Informing the media of his country's decision to withdraw from the "17+1" cooperation mechanism on Saturday, Lithuanian Foreign Minister Gabrielius Landsbergis described the platform between China and Central and Eastern European countries as "divisive" to the European Union, and stressed that "Europe's strength and impact is in its unity".
Two days earlier, the Lithuanian parliament passed a resolution recognizing China's anti-terrorist, anti-secessionist and de-radicalization practices in the Xinjiang Uygur autonomous region as "genocide" and urged the United Nations to conduct an investigation, and the EU to review its ties with China.
Over the past few months, the ruling collation of the country has not only vowed to support the "freedom fighters" in Taiwan, but also claimed it will open an enterprise office on the island by the end of this year in an effort to "strengthen and diversify economic diplomacy" in Asia, irrespective of it acknowledging the one-China principle, which has been the foundation for its diplomatic relations with China.
In doing so, the Baltic country has made public the extent to which it has ceded its policy independence to Washington in the belief that the more prominent the presence of the US in Europe, the safer Lithuania will be.
So its withdrawal from the "17+1" mechanism should be viewed not only as its disappointment that the mechanism has not produced the economic benefits it was hoping for, something it began grumbling about more than three months back, but also as a response to the US administration's call for countries to form a coalition against China.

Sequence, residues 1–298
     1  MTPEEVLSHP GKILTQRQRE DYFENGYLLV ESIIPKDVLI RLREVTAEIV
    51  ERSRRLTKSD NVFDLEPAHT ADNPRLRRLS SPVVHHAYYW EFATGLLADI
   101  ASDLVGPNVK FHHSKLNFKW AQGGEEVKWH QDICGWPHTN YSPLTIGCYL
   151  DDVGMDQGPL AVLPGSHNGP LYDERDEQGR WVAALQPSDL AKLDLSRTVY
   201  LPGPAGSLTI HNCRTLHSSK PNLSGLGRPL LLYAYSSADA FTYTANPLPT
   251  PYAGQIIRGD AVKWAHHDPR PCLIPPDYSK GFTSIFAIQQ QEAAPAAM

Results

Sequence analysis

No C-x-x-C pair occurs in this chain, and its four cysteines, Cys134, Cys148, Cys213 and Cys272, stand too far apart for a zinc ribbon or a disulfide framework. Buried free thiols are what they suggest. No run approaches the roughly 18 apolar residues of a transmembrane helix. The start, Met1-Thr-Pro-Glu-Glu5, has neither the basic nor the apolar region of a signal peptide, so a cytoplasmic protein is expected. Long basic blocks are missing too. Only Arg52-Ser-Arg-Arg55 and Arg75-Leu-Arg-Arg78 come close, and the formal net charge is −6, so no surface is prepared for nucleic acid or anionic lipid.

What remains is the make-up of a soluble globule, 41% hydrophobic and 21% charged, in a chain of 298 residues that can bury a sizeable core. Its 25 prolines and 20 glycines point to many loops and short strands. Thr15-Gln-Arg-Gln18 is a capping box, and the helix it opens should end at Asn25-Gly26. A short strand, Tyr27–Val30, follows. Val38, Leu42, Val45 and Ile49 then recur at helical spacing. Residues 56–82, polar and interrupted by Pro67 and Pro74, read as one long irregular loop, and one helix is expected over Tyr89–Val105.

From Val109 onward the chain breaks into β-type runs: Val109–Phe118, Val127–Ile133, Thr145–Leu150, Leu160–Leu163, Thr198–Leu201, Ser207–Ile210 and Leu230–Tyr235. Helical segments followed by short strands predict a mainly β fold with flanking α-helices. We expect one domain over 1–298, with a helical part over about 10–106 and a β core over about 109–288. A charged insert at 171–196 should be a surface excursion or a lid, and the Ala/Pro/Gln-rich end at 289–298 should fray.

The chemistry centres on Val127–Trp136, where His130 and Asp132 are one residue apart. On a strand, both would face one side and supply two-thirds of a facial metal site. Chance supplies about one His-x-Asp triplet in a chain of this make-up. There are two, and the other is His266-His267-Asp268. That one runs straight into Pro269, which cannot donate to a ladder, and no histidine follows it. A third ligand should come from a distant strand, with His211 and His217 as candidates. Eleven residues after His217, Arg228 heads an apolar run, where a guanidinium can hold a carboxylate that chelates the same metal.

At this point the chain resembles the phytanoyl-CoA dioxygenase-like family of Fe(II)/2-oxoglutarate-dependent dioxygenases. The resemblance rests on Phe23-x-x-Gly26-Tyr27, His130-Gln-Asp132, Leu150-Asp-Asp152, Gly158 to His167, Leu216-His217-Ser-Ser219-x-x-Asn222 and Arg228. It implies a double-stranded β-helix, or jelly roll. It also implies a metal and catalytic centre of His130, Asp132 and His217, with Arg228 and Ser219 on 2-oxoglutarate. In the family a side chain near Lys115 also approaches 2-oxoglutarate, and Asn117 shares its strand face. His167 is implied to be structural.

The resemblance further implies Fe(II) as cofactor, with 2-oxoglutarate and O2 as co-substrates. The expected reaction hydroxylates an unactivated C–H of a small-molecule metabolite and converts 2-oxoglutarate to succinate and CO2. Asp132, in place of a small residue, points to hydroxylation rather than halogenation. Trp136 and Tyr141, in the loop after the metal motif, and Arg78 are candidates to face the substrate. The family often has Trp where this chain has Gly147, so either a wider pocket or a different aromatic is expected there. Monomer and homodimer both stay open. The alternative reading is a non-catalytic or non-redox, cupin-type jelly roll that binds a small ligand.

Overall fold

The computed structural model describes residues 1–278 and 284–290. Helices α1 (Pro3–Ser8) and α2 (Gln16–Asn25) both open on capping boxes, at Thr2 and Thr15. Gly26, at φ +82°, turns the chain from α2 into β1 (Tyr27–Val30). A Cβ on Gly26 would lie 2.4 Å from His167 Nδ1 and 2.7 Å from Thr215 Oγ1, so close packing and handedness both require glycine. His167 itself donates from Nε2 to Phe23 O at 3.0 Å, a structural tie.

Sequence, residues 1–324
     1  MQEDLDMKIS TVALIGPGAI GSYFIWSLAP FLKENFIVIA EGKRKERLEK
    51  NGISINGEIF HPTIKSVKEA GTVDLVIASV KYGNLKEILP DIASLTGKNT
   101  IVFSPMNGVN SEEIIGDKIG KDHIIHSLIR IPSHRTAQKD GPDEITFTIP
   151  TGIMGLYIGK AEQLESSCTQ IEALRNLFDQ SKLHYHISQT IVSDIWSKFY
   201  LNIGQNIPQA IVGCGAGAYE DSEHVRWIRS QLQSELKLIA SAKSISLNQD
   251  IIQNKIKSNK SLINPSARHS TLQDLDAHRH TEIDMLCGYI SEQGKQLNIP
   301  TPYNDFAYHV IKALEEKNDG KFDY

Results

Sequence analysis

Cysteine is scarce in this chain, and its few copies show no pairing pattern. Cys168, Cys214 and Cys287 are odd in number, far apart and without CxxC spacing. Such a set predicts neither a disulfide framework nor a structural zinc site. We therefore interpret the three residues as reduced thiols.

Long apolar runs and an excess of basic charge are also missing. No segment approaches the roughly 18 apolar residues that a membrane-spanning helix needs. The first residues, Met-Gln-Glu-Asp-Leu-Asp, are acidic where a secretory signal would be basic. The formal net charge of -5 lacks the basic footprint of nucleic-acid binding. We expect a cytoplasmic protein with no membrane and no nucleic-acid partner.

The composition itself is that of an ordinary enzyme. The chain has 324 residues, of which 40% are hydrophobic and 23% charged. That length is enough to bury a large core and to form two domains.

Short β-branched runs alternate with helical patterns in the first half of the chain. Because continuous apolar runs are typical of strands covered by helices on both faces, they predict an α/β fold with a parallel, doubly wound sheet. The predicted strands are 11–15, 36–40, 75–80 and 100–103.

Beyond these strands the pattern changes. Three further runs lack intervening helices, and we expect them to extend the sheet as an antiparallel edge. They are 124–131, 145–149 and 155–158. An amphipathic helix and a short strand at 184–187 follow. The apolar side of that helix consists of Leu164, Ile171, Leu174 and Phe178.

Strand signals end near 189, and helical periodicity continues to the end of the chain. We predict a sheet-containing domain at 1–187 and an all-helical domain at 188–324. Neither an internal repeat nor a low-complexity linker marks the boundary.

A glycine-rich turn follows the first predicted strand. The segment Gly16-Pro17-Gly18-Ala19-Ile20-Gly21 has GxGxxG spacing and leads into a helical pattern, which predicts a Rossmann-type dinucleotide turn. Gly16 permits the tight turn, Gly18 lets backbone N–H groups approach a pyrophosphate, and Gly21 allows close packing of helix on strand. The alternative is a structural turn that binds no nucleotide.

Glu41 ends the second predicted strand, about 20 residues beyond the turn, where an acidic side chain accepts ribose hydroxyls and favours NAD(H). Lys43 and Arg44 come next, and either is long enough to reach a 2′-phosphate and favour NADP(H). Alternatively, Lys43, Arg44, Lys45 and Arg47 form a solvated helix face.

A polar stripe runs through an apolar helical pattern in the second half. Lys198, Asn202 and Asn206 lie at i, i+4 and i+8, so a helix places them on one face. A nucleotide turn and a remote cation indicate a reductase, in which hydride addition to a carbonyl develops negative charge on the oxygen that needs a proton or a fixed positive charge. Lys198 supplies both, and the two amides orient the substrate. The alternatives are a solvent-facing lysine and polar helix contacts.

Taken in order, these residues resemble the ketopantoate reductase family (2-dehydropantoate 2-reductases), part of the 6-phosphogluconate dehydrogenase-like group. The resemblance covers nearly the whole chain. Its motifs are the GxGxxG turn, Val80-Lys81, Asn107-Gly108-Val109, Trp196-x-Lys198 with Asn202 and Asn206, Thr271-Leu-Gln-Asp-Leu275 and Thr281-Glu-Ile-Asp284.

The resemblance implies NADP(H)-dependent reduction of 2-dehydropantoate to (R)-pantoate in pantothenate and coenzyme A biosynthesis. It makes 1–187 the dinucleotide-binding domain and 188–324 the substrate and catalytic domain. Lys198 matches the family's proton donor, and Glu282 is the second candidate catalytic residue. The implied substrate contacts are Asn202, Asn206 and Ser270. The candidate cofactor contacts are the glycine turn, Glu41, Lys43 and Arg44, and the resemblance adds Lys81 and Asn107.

Only those used to depending on others for a living would see the cooperation platform pursuing common development through openness and inclusiveness as a means to apply leverage to weaken commitments to shared values.
Cooperation between China and Central and Eastern European countries has thrived over the past nine years precisely because it has delivered benefits to all parties involved. Rather than being a divisive geopolitical tool aimed at weakening the cohesion of the EU, the platform has forged greater connectivity between Europe and Asia by aligning cross-regional European cooperation with the Belt and Road Initiative.
Lithuania's move, a self-admitted bid "to get back to the game", is the product of a regressive Cold War mentality in which the country's survival is viewed as being conditional on the US hegemony.
On the Town Hall of Vilnius, capital of Lithuania, is a plaque engraved with then US president George W. Bush's words to the country during his visit in 2002: "Anyone who would choose Lithuania as an enemy has also made an enemy of the United States of America."
If one flips that around, it best explains why the Baltic country is ready to display unwarranted fear and suspicion of cooperation with China, which is based on mutual respect and has no political strings attached.